Health

11:56am

Thu March 8, 2012
Shots - Health Blog

Detailed Genetic Tests Reveal Cancer's Complexity

A study of kidney cancer patients finds the complexity of tumors may thwart simple attempts to personalize treatment.
Wikimedia Commons

Cancer may be even more complicated than everybody already thought. And that's why a single tissue sample taken from a single tumor may not be the best way to figure out a course of treatment.

British researchers took multiple samples within kidney tumors (before and after drug treatment) and also got samples from tumors that had spread from the original cancers in four patients.

They performed all kinds of genetic tests, including detailed DNA sequencing, on the cancers and found wide variations in some key traits.

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2:50pm

Wed March 7, 2012
Shots - Health Blog

1 In 3 Americans Is Having A Hard Time Paying Medical Bills

iStockphoto.com

While politicians and soon, the Supreme Court, are fighting about the fate of the Affordable Care Act, a new government study finds that a growing number of Americans are having difficulty coping with the high cost of health care.

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12:46pm

Wed March 7, 2012
Shots - Health Blog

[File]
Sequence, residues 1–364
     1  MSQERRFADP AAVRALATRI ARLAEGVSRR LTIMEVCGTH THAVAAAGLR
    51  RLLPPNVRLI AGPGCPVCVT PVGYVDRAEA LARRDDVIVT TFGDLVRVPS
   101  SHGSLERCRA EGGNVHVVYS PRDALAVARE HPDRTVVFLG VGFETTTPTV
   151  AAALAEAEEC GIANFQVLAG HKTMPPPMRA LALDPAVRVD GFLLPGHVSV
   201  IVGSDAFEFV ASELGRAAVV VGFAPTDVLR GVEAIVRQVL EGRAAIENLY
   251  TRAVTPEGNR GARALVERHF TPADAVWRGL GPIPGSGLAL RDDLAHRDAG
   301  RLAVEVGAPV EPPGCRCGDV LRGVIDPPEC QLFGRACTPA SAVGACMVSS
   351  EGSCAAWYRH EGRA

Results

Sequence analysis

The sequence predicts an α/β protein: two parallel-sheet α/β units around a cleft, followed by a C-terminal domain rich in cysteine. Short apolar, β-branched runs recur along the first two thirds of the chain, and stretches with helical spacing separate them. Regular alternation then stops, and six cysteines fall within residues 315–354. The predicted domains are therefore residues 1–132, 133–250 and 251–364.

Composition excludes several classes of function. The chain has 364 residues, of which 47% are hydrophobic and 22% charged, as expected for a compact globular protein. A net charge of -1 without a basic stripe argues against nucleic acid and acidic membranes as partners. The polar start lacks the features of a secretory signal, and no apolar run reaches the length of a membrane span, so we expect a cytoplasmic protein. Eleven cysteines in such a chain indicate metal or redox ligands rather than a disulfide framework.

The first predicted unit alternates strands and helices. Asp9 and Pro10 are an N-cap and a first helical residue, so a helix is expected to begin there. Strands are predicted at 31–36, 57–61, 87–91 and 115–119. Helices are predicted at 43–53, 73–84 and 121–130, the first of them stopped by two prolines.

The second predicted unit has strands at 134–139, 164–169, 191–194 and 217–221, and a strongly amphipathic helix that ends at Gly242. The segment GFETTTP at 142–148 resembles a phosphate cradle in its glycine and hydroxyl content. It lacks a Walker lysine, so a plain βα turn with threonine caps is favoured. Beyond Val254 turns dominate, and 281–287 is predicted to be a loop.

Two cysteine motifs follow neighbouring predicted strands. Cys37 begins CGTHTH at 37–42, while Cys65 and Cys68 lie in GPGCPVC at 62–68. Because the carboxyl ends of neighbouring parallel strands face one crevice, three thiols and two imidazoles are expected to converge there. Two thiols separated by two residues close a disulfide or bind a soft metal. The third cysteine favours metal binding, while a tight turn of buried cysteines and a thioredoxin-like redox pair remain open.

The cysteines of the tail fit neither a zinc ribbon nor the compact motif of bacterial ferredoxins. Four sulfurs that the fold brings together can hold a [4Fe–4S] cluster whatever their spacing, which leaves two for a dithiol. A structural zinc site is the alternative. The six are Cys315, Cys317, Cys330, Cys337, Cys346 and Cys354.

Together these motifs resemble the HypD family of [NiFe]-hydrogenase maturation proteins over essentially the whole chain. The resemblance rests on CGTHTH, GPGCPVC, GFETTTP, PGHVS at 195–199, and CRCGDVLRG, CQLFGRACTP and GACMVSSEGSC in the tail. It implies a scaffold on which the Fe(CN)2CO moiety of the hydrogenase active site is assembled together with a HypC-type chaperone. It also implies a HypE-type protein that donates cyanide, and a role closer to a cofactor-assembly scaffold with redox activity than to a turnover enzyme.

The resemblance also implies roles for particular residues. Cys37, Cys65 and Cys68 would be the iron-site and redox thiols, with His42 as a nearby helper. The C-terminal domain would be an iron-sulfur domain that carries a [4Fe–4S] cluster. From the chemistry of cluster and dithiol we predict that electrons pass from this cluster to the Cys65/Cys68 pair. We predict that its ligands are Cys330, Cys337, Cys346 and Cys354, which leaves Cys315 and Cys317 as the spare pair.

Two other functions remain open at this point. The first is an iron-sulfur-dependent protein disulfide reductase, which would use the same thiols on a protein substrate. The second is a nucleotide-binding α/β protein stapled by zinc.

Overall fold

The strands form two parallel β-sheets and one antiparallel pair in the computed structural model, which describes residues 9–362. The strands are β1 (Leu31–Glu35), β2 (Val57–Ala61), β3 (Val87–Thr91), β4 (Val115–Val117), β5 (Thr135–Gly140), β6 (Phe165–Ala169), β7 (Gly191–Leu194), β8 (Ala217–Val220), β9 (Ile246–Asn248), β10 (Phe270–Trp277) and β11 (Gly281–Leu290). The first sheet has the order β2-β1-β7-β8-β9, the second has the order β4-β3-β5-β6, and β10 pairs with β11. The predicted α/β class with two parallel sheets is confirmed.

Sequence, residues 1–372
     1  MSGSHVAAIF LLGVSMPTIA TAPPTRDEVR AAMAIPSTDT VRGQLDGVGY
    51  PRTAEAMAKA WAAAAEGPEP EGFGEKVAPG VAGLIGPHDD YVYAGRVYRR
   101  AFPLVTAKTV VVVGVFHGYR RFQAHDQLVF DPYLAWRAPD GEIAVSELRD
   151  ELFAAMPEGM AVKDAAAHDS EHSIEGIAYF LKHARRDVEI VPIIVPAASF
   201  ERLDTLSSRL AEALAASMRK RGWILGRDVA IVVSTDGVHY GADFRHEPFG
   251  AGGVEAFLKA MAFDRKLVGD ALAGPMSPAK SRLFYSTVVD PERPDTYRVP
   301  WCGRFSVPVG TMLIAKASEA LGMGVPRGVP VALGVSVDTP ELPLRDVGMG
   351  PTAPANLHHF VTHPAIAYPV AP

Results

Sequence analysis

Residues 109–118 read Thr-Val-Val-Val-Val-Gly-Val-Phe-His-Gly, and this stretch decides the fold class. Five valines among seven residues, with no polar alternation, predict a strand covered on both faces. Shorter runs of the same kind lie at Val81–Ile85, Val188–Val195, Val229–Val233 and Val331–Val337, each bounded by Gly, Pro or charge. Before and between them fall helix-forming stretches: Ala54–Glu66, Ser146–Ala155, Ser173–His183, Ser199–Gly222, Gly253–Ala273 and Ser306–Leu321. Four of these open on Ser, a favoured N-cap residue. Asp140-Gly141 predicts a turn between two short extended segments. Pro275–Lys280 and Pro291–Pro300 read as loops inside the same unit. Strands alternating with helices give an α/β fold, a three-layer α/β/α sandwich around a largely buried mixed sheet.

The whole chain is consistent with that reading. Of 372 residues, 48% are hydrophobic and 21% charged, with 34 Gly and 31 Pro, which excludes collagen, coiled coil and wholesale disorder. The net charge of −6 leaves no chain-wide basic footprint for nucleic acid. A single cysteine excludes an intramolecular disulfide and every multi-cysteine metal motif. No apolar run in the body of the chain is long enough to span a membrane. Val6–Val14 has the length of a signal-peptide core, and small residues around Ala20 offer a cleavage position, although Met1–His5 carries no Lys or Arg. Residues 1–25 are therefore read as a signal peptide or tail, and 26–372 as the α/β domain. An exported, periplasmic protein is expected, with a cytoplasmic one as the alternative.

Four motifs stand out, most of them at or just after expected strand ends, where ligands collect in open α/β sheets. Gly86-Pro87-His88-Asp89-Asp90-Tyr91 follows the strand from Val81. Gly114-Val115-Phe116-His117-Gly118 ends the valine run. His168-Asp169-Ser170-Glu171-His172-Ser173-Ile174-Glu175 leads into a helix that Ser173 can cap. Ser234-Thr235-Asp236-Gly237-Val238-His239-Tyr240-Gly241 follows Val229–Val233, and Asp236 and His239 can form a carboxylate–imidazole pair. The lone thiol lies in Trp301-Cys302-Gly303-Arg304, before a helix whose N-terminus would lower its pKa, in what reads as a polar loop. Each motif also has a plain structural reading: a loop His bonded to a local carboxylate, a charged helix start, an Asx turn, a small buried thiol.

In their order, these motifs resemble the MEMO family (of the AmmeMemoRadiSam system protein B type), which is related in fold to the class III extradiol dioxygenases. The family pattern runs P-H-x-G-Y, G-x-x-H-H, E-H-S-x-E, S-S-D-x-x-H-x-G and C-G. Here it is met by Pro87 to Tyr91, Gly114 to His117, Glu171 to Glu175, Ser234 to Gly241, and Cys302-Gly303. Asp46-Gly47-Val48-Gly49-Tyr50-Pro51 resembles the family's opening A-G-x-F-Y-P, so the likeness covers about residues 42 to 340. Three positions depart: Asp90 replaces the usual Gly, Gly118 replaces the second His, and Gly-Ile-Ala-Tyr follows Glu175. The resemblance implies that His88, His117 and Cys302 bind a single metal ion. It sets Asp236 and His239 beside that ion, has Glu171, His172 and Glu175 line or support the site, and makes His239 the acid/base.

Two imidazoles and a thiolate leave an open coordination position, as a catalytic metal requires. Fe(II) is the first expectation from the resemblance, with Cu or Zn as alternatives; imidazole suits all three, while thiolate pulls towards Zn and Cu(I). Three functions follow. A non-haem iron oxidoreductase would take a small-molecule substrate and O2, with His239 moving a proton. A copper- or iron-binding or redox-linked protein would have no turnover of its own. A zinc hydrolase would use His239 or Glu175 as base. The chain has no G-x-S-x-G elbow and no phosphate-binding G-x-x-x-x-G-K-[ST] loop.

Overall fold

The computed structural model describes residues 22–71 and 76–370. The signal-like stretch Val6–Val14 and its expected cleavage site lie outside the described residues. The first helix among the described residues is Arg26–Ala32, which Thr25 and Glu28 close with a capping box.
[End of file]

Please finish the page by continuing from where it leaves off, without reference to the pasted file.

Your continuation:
Here's Hoping You Never Get A Hotel Bill Like This One

There are no standard rates. We can charge whatever we want.
Costs Of Care

Sit back and enjoy a video that will probably give you a chuckle, then might make you fume.

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10:37am

Wed March 7, 2012
Shots - Health Blog

For The Tavenners, Health Care Is All In The Family

Marilyn Tavenner is the acting administrator of the Centers for Medicare and Medicaid Services.
HHS

Hospital administrators have to deal with Medicare and Medicaid almost every day.

Not too many have to deal with Mom at the same time.

But Matt Tavenner does.

Marilyn Tavenner is the acting administrator of the Centers for Medicare and Medicaid Services. Matt, assistant administrator at Jackson Purchase Medical Center in Mayfield, Ky., is her son.

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9:05am

Wed March 7, 2012
Shots - Health Blog

FDA Scientists Feel A Little Better About Where They Work

A survey of scientists at the Food and Drug Administration finds they're feeling more optimistic about the integrity of decisions made at headquarters (seen here) and elsewhere in the agency.
FDA

Scientists who work for the Food and Drug Administration are feeling more optimistic about the future of their agency than they did back in 2006, according to a survey just out from the Union of Concerned Scientists.

But they still report concerns about outside pressures on the FDA's decisions and policies.

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